007 press kits Part II: The Living Daylights

The Living Daylights had a relatively modest press kit but it had three stills compared to just one for Never Say Never Again. The stills consisted of: a photo of star Timothy Dalton, which was part of the main poster art; a closeup still of Dalton in a tuxedo, apparently from the Koskov/KGB defection sequence after the main titles; and a publicity shot of Dalton and co-star Maryam d’Abo, taken during shooting in Vienna.

In a biography of Dalton, we’re told:

One of Britain’s most distinguished stage and screen actors, Dalton was selected for the role of the world’s best known secret agent after an exhaustive worldwide search and montsh of speculation by the news media and the movie-going public.

“When I was about 25, Mr. Broccoli very kindly asked me if I’d be interested in taking over the role of James Bond from Sean Connery,” Dalton recalls. Frankly, I thought it would be a very stupid move — I considered myself too young and Connery too good. I was approached again several years later, but had already been asked to appear in ‘Flash Gordon.’ So when the schedules came back together this time, I was delighted to accept and embraced this film with a lot of joy and enthusiasm.”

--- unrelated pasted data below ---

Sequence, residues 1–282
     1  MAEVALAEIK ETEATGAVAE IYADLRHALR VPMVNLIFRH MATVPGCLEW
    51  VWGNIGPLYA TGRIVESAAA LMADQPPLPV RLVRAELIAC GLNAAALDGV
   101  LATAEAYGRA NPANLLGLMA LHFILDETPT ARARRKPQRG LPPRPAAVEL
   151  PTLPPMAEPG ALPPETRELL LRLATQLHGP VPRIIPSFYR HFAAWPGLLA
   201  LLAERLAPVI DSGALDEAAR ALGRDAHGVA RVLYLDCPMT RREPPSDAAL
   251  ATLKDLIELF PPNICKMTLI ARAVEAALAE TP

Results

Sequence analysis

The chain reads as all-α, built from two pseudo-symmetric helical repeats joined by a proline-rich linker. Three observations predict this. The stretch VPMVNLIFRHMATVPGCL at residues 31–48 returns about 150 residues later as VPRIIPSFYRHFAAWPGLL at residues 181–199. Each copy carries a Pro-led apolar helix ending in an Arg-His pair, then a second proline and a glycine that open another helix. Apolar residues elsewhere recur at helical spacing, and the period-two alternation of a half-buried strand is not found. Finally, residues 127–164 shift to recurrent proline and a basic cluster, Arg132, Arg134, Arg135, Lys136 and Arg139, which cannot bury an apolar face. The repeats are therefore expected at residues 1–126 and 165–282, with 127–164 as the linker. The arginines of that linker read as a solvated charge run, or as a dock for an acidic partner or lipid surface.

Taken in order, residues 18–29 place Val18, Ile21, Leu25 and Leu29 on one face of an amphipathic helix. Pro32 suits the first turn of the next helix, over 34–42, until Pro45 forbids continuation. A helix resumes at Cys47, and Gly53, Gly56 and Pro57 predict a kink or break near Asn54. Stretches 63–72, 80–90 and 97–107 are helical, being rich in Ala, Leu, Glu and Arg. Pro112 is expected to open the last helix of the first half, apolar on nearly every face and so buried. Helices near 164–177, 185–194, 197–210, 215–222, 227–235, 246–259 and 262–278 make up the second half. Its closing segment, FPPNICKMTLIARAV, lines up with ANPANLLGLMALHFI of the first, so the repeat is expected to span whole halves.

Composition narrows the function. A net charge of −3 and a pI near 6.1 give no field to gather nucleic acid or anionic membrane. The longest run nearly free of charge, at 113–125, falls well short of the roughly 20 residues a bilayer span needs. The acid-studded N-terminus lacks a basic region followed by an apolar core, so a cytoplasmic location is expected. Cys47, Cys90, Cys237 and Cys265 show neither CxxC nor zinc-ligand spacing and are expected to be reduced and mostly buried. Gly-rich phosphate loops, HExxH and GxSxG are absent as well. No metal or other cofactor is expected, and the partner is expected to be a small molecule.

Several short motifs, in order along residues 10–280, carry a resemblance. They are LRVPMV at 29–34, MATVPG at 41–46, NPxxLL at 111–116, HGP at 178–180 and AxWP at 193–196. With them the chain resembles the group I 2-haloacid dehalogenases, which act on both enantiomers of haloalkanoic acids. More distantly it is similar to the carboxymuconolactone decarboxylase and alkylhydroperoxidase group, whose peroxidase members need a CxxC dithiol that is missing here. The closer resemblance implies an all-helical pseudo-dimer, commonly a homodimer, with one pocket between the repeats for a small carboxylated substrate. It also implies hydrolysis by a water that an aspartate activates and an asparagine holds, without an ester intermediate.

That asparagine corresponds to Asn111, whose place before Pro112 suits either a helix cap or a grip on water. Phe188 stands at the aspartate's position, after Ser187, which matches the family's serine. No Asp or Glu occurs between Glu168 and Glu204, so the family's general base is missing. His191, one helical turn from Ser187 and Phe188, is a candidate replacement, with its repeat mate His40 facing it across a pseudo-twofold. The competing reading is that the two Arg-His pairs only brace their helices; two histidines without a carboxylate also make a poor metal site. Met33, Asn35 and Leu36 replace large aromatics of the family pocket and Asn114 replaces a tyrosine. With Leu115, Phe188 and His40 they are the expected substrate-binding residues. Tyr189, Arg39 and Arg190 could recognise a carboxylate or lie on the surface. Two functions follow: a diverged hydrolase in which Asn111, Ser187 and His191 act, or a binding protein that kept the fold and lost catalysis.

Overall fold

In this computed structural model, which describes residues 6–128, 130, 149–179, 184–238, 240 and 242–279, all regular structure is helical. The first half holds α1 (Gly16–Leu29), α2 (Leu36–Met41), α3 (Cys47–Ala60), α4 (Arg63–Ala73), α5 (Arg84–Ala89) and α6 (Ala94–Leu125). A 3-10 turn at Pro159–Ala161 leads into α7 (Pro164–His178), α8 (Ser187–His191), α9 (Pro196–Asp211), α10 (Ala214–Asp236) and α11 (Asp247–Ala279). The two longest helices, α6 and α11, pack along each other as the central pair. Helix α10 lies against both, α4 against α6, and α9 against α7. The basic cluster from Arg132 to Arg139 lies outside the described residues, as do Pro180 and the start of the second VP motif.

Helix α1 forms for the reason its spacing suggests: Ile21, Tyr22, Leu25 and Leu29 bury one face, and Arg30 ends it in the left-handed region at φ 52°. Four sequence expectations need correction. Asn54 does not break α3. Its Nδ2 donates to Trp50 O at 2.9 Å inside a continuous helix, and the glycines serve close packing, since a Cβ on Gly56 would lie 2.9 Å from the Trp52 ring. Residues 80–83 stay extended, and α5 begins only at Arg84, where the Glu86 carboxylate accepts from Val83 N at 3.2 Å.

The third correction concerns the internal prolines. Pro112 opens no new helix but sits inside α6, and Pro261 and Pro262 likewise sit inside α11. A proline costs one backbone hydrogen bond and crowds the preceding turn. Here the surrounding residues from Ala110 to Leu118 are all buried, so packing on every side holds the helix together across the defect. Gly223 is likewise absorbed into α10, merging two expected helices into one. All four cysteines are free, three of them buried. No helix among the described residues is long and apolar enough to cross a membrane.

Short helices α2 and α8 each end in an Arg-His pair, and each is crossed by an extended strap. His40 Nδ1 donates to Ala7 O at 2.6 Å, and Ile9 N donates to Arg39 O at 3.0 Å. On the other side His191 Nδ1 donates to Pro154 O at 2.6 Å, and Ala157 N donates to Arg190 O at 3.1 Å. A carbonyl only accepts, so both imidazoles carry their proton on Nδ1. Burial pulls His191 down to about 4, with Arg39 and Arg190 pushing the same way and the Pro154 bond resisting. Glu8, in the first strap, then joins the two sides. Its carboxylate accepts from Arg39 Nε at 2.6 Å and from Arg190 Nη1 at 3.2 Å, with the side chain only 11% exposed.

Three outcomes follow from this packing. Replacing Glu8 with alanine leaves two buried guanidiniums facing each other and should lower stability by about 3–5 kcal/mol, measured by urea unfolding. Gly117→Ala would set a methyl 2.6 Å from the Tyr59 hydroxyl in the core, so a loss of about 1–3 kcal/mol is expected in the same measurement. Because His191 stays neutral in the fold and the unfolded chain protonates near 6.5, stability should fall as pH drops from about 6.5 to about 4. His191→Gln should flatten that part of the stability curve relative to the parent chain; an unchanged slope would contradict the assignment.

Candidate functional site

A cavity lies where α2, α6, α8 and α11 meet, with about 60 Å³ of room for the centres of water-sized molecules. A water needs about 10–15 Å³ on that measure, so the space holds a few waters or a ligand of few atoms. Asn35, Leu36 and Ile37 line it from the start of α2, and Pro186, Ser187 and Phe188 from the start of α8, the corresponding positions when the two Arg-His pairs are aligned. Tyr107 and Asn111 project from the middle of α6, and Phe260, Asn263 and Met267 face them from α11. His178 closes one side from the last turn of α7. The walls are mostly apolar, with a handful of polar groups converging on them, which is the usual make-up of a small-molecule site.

In the main press release, the production team commented on Dalton:

“He’s different,” says Albert R. Broccoli, producer of all fifteen of the United Artists Bond films, “Timothy is a very physical Bond and tried to do most of his own stunts.” “Timothy Dalton is one of a kind — as were his predecessors,” agrees director John Glen. “He’s a fine actor and he shows great aptitude for the role. He’s athletic, enthusiastic, and a good sense of humor, all of which are essential for us.”

The latter comment is interesting, given that Dalton didn’t like delivering the trademark Bond quips, and his two films are criticized by some fans for being humorless at times. Then again, in press releases, the principals didn’t necessarily say what they’re quoted as saying. Often, the writer of the release drafts a statement and it’s sent to the executive or person involved for approval. So it’s possible, Glen was simply shown the quote and approved it, rather than actually saying it.

Because it was the 25th anniversary film, there is also a two-and-a-half page biography of Ian Fleming.

Creator of James Bond, the suave secret agent who changed the direction of both spy literature and motion picture history, Ian Fleming was renowned as a man of laughter, warmth and compassion — all the things the hero of his novels is not!